Myanmar has an election this Sunday where only a small fraction of the parliamentary seats are at stakes — and yet the ballot is commanding international attention.
The closely watched election is seen as a test of whether the country’s rulers are sincere about reforms they have been introducing over the past year.
If the vote is seen as free and fair, it could prompt Western governments to begin lifting sanctions imposed during the half-century of military rule in Myanmar, also known as Burma.
The vote is unlikely to change the balance of political power. But the opposition National League for Democracy, and its leader, Nobel laureate Aung San Suu Kyi, have been actively campaigning for the first time in more than two decades.
A campaign rally by the party is a high-spirited and colorful affair. Sound trucks packed with red flag-waving supporters cruise the streets, belting out tunes praising democracy and Suu Kyi.
The party boycotted the 2010 general elections as a sham, and this is the first time the party’s candidates have been on the ballot since 1990. The party won that election by a landslide, but the ruling military junta refused to step aside.
Problems On The Campaign Trail
On the outskirts of Yangon, May Win Myint is campaigning to represent the township of Myangone. She is a retired doctor who spent more than a decade in jail for her leadership role in the party.
She complains that the military recently barred her from canvassing on its bases, and she accuses her rival of vote-buying.
“The worst thing is that my opponent has been handing out loans to residents here, and at the same time distributing pamphlets with rumors attacking Aung San Suu Kyi. So I’ve lodged a formal complaint with the election commission,” she says.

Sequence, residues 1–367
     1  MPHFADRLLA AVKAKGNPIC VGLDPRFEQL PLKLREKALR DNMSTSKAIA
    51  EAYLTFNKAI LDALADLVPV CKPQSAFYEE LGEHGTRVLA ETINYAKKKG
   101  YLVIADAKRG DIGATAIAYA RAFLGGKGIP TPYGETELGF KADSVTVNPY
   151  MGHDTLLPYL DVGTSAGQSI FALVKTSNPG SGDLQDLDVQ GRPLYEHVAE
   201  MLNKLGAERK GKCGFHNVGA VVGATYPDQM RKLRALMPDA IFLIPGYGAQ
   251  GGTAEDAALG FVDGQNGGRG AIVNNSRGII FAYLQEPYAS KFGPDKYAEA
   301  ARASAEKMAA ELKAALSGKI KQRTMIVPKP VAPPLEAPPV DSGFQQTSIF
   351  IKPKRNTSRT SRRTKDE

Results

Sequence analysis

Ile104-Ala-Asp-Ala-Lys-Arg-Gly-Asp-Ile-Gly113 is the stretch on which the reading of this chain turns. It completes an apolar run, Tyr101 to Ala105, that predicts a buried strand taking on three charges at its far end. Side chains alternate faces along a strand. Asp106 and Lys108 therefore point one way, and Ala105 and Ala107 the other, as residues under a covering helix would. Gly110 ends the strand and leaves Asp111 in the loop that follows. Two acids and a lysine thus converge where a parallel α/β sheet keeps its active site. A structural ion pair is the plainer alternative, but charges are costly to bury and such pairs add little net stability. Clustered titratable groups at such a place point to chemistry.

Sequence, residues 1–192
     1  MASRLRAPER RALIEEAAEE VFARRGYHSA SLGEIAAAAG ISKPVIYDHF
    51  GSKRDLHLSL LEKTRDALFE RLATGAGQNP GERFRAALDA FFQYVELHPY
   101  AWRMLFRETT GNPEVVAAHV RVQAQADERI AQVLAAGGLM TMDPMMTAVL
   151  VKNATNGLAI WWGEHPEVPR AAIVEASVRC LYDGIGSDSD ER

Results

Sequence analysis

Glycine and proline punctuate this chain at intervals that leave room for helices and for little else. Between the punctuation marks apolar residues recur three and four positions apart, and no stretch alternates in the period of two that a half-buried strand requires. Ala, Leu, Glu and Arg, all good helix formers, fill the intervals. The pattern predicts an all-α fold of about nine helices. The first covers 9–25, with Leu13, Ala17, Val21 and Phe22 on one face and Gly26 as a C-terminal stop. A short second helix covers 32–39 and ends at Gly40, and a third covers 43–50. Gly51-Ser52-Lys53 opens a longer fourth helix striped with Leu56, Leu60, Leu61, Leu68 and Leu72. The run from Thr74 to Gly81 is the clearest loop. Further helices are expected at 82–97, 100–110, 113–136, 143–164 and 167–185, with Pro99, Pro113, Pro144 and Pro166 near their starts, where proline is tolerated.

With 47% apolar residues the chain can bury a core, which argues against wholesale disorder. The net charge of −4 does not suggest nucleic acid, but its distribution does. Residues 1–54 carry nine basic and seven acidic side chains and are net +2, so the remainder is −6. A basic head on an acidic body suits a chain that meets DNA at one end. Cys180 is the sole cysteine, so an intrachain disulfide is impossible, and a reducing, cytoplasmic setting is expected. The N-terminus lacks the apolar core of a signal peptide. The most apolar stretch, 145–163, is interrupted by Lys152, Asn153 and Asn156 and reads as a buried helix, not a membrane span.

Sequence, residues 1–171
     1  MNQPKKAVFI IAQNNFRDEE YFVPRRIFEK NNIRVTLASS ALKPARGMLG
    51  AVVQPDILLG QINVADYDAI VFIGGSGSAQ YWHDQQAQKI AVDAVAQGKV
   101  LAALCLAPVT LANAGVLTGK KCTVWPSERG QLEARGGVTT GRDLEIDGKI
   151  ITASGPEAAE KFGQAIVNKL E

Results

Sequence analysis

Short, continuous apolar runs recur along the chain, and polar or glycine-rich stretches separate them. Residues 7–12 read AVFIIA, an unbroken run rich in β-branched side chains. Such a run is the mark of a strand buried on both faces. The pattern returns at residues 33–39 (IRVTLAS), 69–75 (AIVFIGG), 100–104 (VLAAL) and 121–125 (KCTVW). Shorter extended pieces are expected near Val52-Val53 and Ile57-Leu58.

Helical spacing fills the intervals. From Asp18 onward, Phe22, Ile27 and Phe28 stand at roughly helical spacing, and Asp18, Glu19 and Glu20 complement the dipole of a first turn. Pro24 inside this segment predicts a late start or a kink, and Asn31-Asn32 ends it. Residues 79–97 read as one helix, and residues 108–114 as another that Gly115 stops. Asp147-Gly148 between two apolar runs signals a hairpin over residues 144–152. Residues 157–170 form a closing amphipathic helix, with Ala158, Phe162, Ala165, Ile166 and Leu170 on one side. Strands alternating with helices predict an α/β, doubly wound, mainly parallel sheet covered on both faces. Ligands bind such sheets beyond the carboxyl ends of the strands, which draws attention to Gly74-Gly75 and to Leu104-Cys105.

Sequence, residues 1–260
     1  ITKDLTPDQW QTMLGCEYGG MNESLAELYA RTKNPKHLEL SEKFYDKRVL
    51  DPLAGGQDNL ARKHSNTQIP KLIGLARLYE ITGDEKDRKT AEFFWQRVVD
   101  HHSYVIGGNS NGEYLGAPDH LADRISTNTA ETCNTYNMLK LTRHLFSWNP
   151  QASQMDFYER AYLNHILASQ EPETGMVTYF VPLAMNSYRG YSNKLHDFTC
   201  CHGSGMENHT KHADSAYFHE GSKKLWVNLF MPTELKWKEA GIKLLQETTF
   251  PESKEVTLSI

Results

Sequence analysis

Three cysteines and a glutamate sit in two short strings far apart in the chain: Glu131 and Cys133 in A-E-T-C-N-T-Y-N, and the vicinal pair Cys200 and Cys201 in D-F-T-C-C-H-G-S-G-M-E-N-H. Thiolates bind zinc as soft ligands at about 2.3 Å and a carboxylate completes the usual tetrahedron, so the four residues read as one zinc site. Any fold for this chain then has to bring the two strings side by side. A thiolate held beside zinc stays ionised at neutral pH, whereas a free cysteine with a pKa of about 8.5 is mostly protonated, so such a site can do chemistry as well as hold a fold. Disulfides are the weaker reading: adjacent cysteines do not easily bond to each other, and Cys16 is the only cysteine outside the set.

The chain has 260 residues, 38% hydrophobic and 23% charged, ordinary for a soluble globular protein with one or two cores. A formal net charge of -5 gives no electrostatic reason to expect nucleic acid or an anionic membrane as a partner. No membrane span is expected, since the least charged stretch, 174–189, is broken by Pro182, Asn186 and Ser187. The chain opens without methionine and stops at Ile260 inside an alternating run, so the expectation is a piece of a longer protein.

In addition, Win Myint complains, the voter registration lists haven’t been updated since the last election.
Next door, resident Hla Tun says this kind of irregularity is nothing new.
“This kind of problem is not unique to this town. It’s in all the constituencies. Some dead people’s names are still on the lists, while some living voters are left out,” Hla Tun says. “This has been going on for the past 20 years.”
Lately, the ruling Union Solidarity and Development Party has gotten its own sound trucks. Their color is green. They’re stumping for Win Myint’s opponent, former army officer Ye Htut.
“I believe the election will be free and fair,” says Ye Htut. “I want to win freely and fairly. Since our country is democratizing, I want to win democratically, and I hope the other candidates will do the same.”
He denies knowledge of any political attacks against Suu Kyi. And he insists a computer glitch is responsible for the dead people on the voter registration lists and says that has been cleared up.
Myanmar now has a nominally civilian government that has publicly pledged that the by-elections will be free, fair and credible. There are just 44 seats up for grabs, only 7 percent of the total seats in parliament.
But veteran journalist Khin Maung Htwe says that’s beside the point. The value of this by-election, he argues, is as a sort of referendum on the political reforms that began just over a year ago.
“In my opinion, the election is to demonstrate to the government, and to those who oppose reform, what the people want,” he says. “We’re voting for the NLD, not just to send Aung San Suu Kyi to parliament, but to express the popular will.”
The government denies that there’s a conservative, anti-reform faction within its ranks. But Khin Maung Htwe says some officials and army officers indeed feel threatened by the political liberalization.
This week, army Commander Min Aung Hlaing declared that Myanmar’s military will retain its leading role in politics. This was a clear rebuff to Suu Kyi, who wants to limit the military’s role in government.